Scientifically speaking, there’s no individual white light wavelength. White light is a mixture of all other visible colors in the spectrum. Therefore, LCD backlights have to create a pseudo white light as efficiently as possible, which can then be filtered into different colors in the liquid crystal element. Most LCDs rely on a blue LED backlight which is filtered through a yellow phosphor coating, producing a pseudo white light.
All combined, this allows an LCD display to control the amount of RGB light reaching the surface by culling a backlight, rather than producing colored light in each pixel. Just like AMOLED, LCD displays can either be active or passive matrix devices, but most smartphones are active these days.
Showdown: Super AMOLED vs LCD
This wide variation in the way that light is produced has quite a profound difference to the user experience. Color gamut is often the most talked-about difference between the two display types, with AMOLED providing a greater range of color options than LCD, resulting in more vibrant-looking images.
OLED displays have been known for additional green and blue saturation, as these tend to be the most powerful colors in the sub-pixel arrangement, and very little green is required for white light. Some observers find that this extra saturation produces results that they find slightly unnatural looking. Although color accuracy has improved substantially in the past few years and tends to offer better accuracy for wider color gamuts like DCI-P3 and BT-2020. Despite not possessing quite such a broad gamut, LCD displays typically offer 100% sRGB gamut used by most content and can cover a wide gamut and most of the DCI-P3 color space too.
As we mentioned before, the lack of a backlight and filtering layers weighs in favor of OLED over LCD. LCD displays often suffer from light bleed and a lower contrast ratio as the backlight doesn’t switch off even when pixels are supposed to be black, while OLED can simply switch off its pixels. LCD’s filtering layer also inherently blocks some light and the additional depth means that viewing angles are also reduced compared to OLED.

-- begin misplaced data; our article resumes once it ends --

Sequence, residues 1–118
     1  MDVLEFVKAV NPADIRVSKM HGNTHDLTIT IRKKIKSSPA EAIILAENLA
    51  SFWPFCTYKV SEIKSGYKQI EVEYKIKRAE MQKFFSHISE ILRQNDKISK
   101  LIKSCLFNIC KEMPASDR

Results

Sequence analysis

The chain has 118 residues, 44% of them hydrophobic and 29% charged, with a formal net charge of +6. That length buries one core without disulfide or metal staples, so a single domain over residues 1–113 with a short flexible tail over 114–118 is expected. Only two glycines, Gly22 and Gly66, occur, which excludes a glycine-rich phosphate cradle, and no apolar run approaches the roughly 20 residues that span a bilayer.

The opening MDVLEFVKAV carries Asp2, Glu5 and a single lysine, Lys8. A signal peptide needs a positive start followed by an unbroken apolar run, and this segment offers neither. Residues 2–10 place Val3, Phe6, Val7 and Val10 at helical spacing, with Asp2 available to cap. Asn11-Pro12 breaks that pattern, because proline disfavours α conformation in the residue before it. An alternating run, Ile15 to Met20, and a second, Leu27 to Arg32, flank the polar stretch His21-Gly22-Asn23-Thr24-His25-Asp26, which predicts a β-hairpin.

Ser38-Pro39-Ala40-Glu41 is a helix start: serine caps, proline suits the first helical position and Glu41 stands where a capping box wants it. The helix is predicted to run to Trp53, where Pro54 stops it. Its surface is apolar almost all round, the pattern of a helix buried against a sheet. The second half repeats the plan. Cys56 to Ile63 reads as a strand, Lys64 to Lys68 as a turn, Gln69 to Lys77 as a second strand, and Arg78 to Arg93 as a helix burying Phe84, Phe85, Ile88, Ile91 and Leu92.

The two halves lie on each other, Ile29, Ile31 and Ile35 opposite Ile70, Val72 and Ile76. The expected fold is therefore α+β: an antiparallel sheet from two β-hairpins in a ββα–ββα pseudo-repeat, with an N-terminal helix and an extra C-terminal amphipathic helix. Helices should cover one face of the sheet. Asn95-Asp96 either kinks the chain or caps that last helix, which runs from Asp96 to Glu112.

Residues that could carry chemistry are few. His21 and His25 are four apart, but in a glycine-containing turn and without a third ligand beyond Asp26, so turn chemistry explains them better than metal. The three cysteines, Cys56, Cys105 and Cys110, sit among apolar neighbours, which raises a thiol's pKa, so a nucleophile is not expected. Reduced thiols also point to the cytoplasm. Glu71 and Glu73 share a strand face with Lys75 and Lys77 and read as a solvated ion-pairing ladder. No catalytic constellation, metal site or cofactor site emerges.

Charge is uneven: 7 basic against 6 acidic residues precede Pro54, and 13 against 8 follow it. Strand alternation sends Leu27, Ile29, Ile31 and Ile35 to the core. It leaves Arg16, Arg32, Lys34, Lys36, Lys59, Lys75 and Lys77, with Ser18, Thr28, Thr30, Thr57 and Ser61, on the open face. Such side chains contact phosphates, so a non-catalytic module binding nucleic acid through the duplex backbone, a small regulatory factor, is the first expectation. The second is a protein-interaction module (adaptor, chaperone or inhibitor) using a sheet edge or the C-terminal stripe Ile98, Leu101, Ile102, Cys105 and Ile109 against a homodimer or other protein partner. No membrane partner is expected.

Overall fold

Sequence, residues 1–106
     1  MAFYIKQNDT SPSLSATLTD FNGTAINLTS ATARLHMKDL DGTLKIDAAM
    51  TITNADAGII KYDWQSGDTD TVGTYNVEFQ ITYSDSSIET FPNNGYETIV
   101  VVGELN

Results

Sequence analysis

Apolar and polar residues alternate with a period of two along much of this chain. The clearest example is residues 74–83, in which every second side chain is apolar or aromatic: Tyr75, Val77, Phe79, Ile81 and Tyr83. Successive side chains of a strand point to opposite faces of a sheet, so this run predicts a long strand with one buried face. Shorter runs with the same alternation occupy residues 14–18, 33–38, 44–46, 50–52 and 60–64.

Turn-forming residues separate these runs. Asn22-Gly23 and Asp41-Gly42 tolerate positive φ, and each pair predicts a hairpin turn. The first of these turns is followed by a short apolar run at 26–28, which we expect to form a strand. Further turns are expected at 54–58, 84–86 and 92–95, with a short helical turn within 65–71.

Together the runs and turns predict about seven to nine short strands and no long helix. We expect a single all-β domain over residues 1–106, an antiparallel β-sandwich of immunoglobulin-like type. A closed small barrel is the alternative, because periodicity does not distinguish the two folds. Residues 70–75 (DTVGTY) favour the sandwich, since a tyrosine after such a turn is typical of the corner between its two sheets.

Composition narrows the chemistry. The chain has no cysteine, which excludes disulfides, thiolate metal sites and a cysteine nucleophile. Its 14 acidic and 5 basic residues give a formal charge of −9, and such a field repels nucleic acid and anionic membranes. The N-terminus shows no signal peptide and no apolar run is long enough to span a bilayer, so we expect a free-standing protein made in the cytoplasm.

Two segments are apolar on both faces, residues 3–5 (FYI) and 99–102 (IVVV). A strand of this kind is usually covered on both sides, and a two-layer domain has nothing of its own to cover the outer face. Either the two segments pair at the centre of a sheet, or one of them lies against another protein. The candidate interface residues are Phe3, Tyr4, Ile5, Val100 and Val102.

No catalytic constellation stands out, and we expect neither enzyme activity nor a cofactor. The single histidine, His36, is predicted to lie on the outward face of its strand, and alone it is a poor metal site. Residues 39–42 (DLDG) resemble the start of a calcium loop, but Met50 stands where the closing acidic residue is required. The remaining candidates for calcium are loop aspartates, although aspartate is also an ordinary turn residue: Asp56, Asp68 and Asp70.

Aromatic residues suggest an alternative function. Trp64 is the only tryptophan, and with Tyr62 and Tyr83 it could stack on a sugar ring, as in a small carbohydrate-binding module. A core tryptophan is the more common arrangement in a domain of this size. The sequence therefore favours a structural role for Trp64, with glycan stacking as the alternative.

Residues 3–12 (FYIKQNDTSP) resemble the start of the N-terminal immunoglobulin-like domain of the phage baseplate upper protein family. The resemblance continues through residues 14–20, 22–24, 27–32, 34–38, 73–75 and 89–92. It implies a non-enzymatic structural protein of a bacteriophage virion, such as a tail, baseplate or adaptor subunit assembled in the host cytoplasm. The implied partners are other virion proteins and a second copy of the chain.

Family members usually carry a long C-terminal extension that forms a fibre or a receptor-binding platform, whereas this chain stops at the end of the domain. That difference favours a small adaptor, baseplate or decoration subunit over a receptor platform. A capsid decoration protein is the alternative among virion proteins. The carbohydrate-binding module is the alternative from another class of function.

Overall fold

One downside of AMOLED is that different LEDs have different life spans, meaning that the individual RBG light components eventually degrade at slightly different rates. As well as the dreaded but relatively rare burn-in phenomenon, OLED display color balance can drift very slightly over time, while LED’s single backlight means that color balance remains more consistent across the display. OLED pixels also often turn off and on slower, meaning that the highest refresh rate displays are often LCD. Particularly in the monitor market where refresh rates exceed 120Hz. That said, plenty of OLED smartphones offer 90, 120, and even 144Hz support.
Picking a winner
There are some pros and cons to both technologies and some reasonable user preferences between the different color and contrast profiles. Although the prevalence of multiple display modes available in modern smartphones makes this somewhat less of an issue these days. However, the falling production costs and additional benefits of OLED displays have made them a more popular choice than ever across a wide range of price segments. OLED dominates the high-end smartphone and TV spaces owing to its wider color gamut, superior contrast ratio, while still supporting decent refresh rates. Not to mention its flexible characteristics for brand new mobile form factors.
Major display manufacturers, such as LG Display and Samsung Display, are betting big on OLED technology for the future, making major investments into additional production facilities. Particularly when it comes to its use in flexible display technology. The AMOLED panel market is expected to be worth close to $30 billion in 2022, more than double its value in 2017 when this article was first published.